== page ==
In every turn of the conversation we are either accepting the frame or rejecting it and reframing. Listening for the frame can provide great insight as to the dynamics and the power of those in the conversation.

When was the frame switched on you? What were the results?

Share your thoughts in the comments.

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    listenings

    listeningsEditor’s Note: Don’t worry, this is satire.  But we do have a great resource if you need to improve listening in your organization. Check out our course listings for more details. 

    You’ve always wanted to listen better.

    You know the results of the studies: leaders listen more than they talk.

    You’ve seen the infographics: listening moves your career ahead faster than anything else. And you get to keep your clothes on.

    You know it intellectually, but it’s hard to implement.

    Your mouthy mouth talks more than it should.

    If only there were a device that forced your brain to listen and your mouth to remain closed.

    After years, decades even, of your mouth prattling on with little to no input from your ears and your brain, there is finally a solution. We’re calling this patented technology “Listenings.”

    Drastically Improves Your Listening

    Improve your listening 217% with the breakthrough technology of Listenings. They have the visual appeal of earrings but this accessory does more than merely accessorize.

    Listenings amplify the intellectual process of listening and reduce the likelihood of saying something stupid. First, the patented technology moves all human voice sound waves to the front of the queue for brain processing. The prioritized sound waves are held in the brain until comprehension is complete. Then, and only then, is there capacity in your brain to formulate a response.

    Listen More, Talk Smarter

    Listenings preempt your brain from releasing unnecessary words from your mouth. In fact, all attempts at speech are cycled back through your brain for accuracy, relevance and emotional intelligence not once, not twice, but three times – thus reducing the probability of saying something asinine by more than 382%.  You’ll produce smart, engaging, relevant responses every time.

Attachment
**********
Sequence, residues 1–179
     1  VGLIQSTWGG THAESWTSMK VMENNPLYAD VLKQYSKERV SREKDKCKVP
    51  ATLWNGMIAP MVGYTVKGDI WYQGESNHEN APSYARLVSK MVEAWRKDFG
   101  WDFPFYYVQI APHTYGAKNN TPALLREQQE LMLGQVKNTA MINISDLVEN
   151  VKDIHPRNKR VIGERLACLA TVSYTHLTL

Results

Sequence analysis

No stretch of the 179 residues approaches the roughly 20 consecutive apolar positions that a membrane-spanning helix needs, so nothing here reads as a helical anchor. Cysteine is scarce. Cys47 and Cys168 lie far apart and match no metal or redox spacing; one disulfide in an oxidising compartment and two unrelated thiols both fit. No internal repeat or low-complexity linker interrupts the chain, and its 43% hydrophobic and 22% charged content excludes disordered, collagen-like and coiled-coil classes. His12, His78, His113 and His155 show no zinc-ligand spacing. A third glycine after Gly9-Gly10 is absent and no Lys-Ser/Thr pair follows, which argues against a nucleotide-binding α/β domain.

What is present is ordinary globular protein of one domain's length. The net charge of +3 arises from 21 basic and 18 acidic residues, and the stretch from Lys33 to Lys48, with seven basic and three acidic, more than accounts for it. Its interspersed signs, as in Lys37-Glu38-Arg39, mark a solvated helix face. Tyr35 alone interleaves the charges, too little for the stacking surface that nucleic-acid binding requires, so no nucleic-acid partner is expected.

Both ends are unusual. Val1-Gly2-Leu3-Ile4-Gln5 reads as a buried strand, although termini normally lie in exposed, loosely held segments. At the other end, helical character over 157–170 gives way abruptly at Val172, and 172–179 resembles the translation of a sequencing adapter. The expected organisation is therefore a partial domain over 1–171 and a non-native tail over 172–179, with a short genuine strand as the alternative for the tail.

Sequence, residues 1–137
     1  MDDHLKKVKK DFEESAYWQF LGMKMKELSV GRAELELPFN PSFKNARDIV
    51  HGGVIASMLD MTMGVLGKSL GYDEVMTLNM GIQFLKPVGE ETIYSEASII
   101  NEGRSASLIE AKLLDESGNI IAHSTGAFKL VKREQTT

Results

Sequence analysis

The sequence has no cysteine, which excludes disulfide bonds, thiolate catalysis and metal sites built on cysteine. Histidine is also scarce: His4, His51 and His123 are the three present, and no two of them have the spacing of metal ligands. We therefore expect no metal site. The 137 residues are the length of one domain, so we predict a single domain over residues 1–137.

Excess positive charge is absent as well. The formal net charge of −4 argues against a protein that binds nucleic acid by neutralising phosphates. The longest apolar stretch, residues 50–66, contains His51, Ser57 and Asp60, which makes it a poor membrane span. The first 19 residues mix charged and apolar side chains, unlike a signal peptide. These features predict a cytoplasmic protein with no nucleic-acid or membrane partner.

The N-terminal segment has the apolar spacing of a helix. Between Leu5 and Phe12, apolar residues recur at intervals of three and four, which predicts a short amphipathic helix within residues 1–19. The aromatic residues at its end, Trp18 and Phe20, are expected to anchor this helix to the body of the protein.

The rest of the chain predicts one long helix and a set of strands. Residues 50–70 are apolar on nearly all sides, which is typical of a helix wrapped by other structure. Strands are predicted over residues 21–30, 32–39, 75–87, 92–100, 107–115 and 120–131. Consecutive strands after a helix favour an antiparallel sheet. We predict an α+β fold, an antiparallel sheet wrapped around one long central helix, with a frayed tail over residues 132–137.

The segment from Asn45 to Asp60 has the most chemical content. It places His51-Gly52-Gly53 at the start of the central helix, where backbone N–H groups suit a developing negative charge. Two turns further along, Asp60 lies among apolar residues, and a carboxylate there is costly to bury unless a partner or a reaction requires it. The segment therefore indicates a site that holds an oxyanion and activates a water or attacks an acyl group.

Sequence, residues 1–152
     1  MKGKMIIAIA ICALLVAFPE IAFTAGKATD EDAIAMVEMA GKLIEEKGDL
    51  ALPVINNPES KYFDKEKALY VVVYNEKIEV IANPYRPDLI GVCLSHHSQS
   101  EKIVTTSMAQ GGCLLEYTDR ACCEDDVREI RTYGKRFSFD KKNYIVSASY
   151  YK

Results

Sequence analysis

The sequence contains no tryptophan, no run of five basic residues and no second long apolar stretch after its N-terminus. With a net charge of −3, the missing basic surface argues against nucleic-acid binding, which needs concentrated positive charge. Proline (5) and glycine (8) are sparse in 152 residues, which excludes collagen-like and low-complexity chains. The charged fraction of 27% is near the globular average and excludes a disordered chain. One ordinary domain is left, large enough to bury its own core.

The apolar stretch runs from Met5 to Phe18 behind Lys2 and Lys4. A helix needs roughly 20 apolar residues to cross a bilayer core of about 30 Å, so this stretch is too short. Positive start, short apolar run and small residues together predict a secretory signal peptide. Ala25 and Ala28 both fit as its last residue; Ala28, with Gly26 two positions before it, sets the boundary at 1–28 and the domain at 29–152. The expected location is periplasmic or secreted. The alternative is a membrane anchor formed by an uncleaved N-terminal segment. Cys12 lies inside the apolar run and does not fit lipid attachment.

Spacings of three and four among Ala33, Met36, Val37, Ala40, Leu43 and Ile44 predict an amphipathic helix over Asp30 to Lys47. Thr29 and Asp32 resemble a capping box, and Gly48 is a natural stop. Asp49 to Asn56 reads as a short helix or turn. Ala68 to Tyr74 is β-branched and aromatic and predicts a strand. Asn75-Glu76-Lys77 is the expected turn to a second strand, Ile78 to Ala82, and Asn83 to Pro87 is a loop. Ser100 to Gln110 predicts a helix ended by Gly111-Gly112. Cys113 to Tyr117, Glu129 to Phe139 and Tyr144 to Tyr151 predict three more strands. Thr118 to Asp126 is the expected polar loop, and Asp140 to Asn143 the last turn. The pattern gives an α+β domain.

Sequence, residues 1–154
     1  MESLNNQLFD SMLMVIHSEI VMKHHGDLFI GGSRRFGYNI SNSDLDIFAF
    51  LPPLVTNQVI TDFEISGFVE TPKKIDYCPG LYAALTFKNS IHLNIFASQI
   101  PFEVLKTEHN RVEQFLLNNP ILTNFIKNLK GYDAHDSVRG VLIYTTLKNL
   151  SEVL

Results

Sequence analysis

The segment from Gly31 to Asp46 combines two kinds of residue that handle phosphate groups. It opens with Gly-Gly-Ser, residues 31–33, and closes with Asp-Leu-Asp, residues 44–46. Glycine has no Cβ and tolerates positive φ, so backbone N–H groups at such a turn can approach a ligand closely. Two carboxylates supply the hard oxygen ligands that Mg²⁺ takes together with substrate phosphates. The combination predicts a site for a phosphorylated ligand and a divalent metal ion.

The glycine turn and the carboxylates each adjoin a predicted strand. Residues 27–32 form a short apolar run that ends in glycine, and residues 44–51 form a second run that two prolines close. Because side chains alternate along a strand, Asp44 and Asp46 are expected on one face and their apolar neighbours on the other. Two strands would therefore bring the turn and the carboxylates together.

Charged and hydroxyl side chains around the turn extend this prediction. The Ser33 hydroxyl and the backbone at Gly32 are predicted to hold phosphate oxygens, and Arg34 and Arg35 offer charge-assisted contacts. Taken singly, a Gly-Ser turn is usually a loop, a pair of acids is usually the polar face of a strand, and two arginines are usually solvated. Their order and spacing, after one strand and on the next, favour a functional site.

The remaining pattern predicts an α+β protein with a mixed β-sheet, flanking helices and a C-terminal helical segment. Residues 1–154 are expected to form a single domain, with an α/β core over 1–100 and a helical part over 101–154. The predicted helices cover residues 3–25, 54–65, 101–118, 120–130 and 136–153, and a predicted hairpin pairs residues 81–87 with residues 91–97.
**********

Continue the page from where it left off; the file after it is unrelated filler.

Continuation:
Listenings calibrate themselves to the power dynamic of the situation. They’ll amp up their frequency around your boss and your boss’s boss. And they’ll tune out that annoying person in your office who can’t stop talking about the bad date he had in 2004.

    Listenings are designed in both women’s and men’s styles and come in a variety of attractive styles.

    Bonus: Your Spouse Will Listen Better for Just Pennies a Daypennies

    For just an additional $99 upgrade to the Spousal Listenings and give them as a gift you your significant other. He’ll be listening to you just like he did when you were dating, hanging on your every word and responding with empathy, intelligence and appropriateness.

     

    Now here’s the part where I quit being so silly.  ?

    Working Conversations has programs to help your staff (and yourself) to become better listeners and better communicators.  We can’t promise that your staff will improve their listening by hundreds of percentage points. But we do stand by our training programs and guarantee your satisfaction.

    Contact Working Conversations today to start a conversation about your organization’s communication needs today.

    Know someone who needs “Listenings?” Share this post with them today.